Dealing With Injuries

Posted on 4th of June 2022 | 918 words

Climbing and training for it have been my “mainstay” for quite some time. Naturally, when I have to stay away from it, it’ll start affecting me in one way or another. Especially these last couple of years have been relatively tough in this sense since, naturally, due to COVID: I’ve had to stay away from training, mainly due to external restrictions, closed gyms, and so on. Unfortunately, alongside this, I’ve had to live with a couple of injuries simultaneously.

First, I had a nasty fall while bouldering outside in 2019. While the fall itself was similar to many other falls that I had already had during that day, this time, I just fell a little bit awkwardly on my pads and dislocated my ankle and had two minor fractures to it at the same time. Thankfully nothing too major that a cast, rest and some rehab couldn’t fix it. But the timing of this was really unfortunate since it was very close to all this COVID non-sense, which meant that gyms in Finland started to close down, which then affected my recovery a little bit since I couldn’t get back to my regular training. Thankfully I was able to recover from my ankle issues quite nicely, albeit mobility is still a little bit worse than in my other ankle, but it is usable, at least.

During 2020 and 2021, COVID in Finland was going in waves, so we had a couple of months with no cases around, and then a couple of months later, there were hundreds of cases around. So during these “good months”, gyms were open, so I could at least train a little bit. But since COVID was still very present, and the training was quite haphazard for me. Meaning during the “busy hours”, I often didn’t want to go to the gym since there were so many people around. So there wasn’t really any regularity to my training which was a shame until around the second half of 2021.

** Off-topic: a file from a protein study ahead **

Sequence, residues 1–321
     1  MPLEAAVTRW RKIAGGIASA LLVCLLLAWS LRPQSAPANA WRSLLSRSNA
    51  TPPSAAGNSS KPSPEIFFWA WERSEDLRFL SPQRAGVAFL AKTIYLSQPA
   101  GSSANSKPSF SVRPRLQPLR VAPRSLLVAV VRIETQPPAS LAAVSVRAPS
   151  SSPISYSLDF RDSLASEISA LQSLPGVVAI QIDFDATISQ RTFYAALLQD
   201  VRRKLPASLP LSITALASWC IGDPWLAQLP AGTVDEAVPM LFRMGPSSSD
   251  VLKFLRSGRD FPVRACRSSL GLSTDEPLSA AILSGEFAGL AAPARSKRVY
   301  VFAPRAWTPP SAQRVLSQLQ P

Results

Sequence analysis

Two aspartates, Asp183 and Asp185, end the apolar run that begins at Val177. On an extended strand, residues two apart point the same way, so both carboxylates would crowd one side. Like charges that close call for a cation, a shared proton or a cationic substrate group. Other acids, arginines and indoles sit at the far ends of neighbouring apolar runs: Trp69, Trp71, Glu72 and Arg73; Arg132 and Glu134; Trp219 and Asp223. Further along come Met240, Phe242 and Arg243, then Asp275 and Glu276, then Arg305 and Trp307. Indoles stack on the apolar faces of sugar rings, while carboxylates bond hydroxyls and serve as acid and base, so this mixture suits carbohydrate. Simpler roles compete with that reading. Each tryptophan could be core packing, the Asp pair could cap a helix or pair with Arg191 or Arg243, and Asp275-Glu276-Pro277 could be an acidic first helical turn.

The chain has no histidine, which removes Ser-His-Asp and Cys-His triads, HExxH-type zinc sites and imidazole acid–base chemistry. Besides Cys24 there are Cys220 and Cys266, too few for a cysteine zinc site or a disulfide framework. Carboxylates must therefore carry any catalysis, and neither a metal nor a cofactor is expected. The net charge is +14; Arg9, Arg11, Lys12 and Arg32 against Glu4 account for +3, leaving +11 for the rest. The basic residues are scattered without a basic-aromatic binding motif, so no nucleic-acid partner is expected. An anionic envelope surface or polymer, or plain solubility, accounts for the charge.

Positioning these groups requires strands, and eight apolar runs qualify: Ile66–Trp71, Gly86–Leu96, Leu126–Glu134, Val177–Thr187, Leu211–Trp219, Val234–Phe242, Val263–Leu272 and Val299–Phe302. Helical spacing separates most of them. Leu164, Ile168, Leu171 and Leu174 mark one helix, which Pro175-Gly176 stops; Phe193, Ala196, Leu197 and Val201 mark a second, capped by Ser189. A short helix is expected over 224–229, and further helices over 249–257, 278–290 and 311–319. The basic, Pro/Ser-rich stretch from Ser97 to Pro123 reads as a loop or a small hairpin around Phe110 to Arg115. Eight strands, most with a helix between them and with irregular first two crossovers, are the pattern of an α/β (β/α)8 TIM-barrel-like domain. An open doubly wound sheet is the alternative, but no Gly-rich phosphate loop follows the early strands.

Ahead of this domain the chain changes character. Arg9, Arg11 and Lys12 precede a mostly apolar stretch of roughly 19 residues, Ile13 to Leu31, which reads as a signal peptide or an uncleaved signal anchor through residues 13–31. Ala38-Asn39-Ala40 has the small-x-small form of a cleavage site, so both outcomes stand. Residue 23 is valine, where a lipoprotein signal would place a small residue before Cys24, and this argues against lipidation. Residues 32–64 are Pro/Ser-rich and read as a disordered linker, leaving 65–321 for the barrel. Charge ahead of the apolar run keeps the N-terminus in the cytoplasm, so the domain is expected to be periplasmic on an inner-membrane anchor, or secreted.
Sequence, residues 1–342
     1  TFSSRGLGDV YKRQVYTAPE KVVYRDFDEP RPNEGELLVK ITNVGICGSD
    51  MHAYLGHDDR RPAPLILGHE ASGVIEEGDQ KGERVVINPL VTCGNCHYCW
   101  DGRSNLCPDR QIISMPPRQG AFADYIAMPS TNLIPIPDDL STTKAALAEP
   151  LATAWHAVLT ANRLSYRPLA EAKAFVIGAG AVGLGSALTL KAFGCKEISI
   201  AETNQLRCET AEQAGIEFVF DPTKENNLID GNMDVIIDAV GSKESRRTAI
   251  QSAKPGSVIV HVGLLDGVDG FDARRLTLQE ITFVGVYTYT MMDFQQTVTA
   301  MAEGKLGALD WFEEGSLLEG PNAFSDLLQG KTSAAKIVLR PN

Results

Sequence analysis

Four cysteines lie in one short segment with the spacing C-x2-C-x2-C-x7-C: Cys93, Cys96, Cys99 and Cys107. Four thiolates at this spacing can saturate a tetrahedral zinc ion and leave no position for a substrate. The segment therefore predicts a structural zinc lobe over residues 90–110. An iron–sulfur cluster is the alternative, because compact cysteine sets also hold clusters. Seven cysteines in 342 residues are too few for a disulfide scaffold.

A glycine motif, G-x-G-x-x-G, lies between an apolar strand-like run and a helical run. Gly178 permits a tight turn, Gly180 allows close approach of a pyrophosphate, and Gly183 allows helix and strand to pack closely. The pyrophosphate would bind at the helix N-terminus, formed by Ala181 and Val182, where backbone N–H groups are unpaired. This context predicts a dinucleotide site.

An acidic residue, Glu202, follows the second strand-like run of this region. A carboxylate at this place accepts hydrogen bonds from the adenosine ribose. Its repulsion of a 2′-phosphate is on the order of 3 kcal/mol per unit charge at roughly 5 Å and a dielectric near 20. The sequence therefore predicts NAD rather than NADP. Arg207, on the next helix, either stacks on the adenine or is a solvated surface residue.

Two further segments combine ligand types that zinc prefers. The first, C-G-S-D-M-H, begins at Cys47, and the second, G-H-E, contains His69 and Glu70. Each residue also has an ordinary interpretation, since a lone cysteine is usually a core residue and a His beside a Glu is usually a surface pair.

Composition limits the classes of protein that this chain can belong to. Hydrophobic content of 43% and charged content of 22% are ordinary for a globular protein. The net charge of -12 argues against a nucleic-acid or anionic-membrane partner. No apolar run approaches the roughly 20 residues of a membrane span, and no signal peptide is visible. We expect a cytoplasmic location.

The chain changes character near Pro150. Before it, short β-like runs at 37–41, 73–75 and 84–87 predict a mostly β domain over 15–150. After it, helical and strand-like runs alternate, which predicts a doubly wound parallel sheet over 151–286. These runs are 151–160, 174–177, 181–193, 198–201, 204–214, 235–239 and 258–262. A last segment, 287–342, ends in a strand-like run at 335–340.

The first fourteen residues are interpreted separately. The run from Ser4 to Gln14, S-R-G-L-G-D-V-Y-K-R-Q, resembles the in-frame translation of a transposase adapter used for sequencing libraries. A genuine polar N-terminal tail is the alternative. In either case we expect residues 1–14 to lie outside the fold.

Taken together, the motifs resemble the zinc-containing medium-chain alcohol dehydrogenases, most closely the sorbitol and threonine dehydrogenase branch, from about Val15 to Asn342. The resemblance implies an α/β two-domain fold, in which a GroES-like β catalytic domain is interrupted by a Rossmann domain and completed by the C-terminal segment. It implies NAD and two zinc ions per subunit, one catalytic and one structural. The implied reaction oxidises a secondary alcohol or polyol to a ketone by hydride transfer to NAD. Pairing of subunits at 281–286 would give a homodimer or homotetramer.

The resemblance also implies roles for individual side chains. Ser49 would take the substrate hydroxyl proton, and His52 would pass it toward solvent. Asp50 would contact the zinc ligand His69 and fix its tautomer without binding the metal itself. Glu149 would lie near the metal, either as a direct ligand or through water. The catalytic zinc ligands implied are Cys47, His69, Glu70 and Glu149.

Then, of course, I had to stumble upon a new injury around the end of 2021. This time a pulley injury on my right ring finger’s A3. So again, I had to take a couple of weeks off. Again the timing was quite unfortunate since, during the same time, COVID cases were rising in Finland and gyms had to close down again. Which again hindered my recovery.

During the first half of 2022, I also moved to Berlin, so I needed to find a new gym which basically meant finding a new “community”. Thankfully, I could get back into the groove of training in the months I’ve been living here. Unfortunately, again, after a couple weeks of training, I had a minor injury. This time a minor tear/sprain on my right knee’s LCL. Thankfully this time, it should be slightly more minor than my last two injuries so it should be healed in a couple of weeks, RICE (Rest, Ice, Compression, Elevate) and some physiotherapy/rehab.

Speaking only on my behalf (albeit I do believe that many other “athletes” feel the same), being on the disabled list definitely puts a toll on me. Mainly because while I’m injured, I can’t experience life the way I want. Why is it so? Of course, there are natural factors like pain and damage that will, of course, affect anyone experiencing those one way or another. Also, everything relating to those, like medical appointments.

But I would say climbing (alongside many other things like music) is part of my identity. So when I’m injured, I always feel that I’m losing some aspect of my whole identity. This kind of behaviour can often lead to a situation where the “athlete” tries to train through the injury, and often, making things only worse. Tied to this, being unable to do something that plays a significant part in your life can easily lead to hopelessness and loss of purpose.

Most importantly, I feel that connection plays the most prominent aspect in this. When “an athlete” is injured, they can often feel the loss of connection, especially if the community around your sport/activity is very tightly knit (like it tends to be in climbing, for example). So the fact that you need to sit out training sessions that you usually do with your “community” can significantly affect your mentality.

This one was especially crucial for me in these early months of 2022 since I had just moved to a new country, new town, without too much of connections (outside work at least). I already felt that I had become a part of the local climbing community, and after my injury, I already thought I couldn’t be a part of it. Thankfully in my case, the injury rehab and recovery time was relatively short, so I didn’t need to worry too much, but things could be worse.

But can you get away from this mindset? I think, first and foremost you need to respect your body and try to understand that even though you might not be able to take part in the activity that forms part of your identity, it doesn’t take anything away from it. Instead, try to focus your energy on healing and rehabbing so that eventually, when you’re healed, you can return even stronger. Also, when it comes to communal aspects of this, personally, I believe that isolating away from others is a big mistake. Instead you should try to champion others and give back to it as much as possible.